"How to make your child a millionaire - through regular investing and using perfectly legitimate tax dodges'' - the headline of a recent article in the Daily Mail.
Reading this article also makes it clear that we need to be well off to achieve this aim, and even more so, if we have more than one child. However, the article does usefully remind us of three basic ways by which we can deliver more modest nest eggs for our children, tailored to our means, if we start early (as soon as they are born).
The three basic steps to take, which could see a child a millionaire by their 38th birthday, make the most of Junior ISAs, cash gifts and stakeholder pensions. Not only can we build a significant inheritance for a child, our actions will at the same time have cash benefits for us.
Step one: Junior ISA - your child is eligible for a Junior ISA if they were born after 1st January 2011 or if they were ineligible for a Child Trust Fund (CTF). Junior ISAs work in much the same way as a standard ISA with parents or legal guardians able to save up to £3,600tax free in either a cash or investment ISA each tax year. The difference is that the money cannot be withdrawn until the child reaches 18 and it is the child who has access to the funds, not the parent.
If you were able to afford the full ISA annual allowance, year-on-year, paying 3 per cent (the average rate at the moment) would see £3,600 per year, which is £300 per month, become £85,782 by the time your child becomes 18. However, you could take more risk by choosing an investment ISA, where you could see returns of more like 6 per cent, making your payments hit a total £116,205.
Step two: Gifts into an investment fund or trust - another way to boost your children's wealth and reduce your Inheritance tax (IHT) bill at the same time, is to make cash gifts. You have to survive for seven years after you give a cash gift for it to escape the IHT net. Unlimited gifts of up to £250 a person per tax year are tax exempt, as are payments of up to £5,000 for wedding gifts. The Revenue also allows you to 'gift' £3,000 every year to an individual.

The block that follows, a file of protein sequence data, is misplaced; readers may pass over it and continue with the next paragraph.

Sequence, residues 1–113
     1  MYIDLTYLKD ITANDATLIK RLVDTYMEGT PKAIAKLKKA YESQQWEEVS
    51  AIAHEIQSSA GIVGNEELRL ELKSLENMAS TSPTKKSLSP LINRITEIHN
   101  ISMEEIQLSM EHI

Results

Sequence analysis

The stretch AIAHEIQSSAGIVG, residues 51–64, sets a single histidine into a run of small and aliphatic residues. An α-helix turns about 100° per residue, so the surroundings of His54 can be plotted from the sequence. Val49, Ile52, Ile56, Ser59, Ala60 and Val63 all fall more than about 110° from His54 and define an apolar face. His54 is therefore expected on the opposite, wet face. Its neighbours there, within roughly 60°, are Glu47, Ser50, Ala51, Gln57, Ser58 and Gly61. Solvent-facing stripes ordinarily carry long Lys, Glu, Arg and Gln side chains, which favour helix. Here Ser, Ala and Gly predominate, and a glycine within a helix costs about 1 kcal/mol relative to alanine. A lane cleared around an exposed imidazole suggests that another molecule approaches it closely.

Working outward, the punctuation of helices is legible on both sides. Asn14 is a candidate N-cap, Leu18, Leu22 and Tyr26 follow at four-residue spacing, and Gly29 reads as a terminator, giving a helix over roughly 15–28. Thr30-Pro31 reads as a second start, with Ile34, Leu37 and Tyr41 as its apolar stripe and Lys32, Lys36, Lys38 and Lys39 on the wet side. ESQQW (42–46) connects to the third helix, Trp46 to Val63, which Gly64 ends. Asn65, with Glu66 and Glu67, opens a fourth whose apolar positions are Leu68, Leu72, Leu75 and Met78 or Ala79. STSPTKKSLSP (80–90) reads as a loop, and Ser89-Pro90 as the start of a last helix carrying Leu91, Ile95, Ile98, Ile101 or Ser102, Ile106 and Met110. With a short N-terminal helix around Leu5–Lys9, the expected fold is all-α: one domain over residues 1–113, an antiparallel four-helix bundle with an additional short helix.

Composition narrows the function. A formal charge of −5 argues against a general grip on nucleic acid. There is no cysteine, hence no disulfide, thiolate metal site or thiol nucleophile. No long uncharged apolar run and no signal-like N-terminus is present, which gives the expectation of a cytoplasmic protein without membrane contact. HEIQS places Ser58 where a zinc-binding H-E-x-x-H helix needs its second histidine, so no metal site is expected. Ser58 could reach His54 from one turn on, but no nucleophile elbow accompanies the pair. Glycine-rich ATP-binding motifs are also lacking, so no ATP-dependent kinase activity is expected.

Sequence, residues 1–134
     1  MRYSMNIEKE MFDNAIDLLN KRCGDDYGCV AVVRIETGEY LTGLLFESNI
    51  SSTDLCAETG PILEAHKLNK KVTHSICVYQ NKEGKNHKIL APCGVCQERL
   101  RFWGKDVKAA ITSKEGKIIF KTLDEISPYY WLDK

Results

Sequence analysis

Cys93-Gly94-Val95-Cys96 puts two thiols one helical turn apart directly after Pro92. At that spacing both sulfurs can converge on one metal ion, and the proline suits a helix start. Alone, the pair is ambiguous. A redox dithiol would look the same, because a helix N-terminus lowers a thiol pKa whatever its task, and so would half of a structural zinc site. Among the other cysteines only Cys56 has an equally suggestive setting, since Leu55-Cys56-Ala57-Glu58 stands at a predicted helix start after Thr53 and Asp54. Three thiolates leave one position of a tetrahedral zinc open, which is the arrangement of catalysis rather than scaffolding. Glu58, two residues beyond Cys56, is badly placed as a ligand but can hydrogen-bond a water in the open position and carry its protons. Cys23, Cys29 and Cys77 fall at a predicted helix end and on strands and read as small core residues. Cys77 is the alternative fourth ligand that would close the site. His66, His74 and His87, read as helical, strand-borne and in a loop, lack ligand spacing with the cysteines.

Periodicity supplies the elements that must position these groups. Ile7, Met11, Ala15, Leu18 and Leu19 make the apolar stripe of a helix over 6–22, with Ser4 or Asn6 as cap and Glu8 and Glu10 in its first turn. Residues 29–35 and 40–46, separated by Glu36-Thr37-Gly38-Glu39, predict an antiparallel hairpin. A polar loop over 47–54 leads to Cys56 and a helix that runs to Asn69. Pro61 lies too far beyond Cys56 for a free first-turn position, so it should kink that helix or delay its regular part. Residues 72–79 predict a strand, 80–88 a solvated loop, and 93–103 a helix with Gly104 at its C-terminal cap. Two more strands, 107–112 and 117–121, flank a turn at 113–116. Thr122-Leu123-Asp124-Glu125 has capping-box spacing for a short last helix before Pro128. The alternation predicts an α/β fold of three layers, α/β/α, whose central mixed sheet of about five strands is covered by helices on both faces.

But what is even better is that regular gifts, of any amount of money, once made from normal income, can be exempt from IHT. You must however show that you have been giving regularly and that your standard of living has not deteriorated as a result. HM Revenue & Customs will demand details of these gifts when the giver dies. Funds or investment trusts can be a good gift option, with currently an average growth of 5 per cent per year after charges and tax.
Step three: Pension Planning - here the major boost to the fund comes from setting up a pension for your child as soon as they are born. Often parents do not realise that they can do this, but by setting up a simple stakeholder pension plan you can start tackling your child's pension from day one and help reduce your IHT bill at the same time. Even better, your contributions to a stakeholder pension plan are topped up by the government intax relief, so your money will go even further.
If you put the maximum allowance into a stakeholder pension every month from the year your child is born (£3,660 p.a.), again assuming 6 per cent compound growth, the pot will grow to a value of £523,278 by age 38. However, it is important to remember that while the pension will play a major part in your child's wealth by age 38, they won't be able to access it under current rules until they are 55.
Saving £9,840 each year for the child to the age of 18 and £5,880 each year after discontinuing the Junior ISA element, would accumulate around £1.275 million - and all before your child reaches 40. However, as most of us realise, firstly we need to be earning a lot and secondly if we have more than one child, what we do for one we have to do for the others. Nevertheless doing what we can in all three areas would seem to be eminently sensible.